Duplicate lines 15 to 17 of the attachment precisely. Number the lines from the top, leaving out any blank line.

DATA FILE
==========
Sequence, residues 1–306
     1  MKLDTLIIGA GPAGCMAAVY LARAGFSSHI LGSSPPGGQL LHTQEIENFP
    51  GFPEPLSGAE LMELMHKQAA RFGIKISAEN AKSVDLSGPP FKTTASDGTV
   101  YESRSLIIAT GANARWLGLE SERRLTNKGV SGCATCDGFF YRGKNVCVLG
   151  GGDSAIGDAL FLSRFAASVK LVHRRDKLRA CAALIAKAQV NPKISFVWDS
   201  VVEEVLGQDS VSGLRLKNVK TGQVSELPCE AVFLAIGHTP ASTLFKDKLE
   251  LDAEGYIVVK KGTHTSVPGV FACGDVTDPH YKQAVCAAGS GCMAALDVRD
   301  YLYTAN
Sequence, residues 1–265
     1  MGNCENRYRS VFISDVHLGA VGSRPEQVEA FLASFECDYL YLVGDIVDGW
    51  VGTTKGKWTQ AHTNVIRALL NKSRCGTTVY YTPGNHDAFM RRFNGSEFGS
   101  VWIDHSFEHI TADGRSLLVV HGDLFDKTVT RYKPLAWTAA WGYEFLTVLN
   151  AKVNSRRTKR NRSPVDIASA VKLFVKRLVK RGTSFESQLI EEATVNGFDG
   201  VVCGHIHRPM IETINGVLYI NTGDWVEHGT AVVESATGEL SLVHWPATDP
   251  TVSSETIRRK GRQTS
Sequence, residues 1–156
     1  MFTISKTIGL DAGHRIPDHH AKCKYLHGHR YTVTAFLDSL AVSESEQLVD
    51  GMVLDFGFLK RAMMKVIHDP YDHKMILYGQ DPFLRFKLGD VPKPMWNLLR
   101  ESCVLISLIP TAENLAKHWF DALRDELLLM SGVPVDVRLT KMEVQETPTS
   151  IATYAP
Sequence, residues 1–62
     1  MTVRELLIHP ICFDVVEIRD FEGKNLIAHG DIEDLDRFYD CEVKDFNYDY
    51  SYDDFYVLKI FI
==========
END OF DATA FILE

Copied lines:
   251  TVSSETIRRK GRQTS
Sequence, residues 1–156
     1  MFTISKTIGL DAGHRIPDHH AKCKYLHGHR YTVTAFLDSL AVSESEQLVD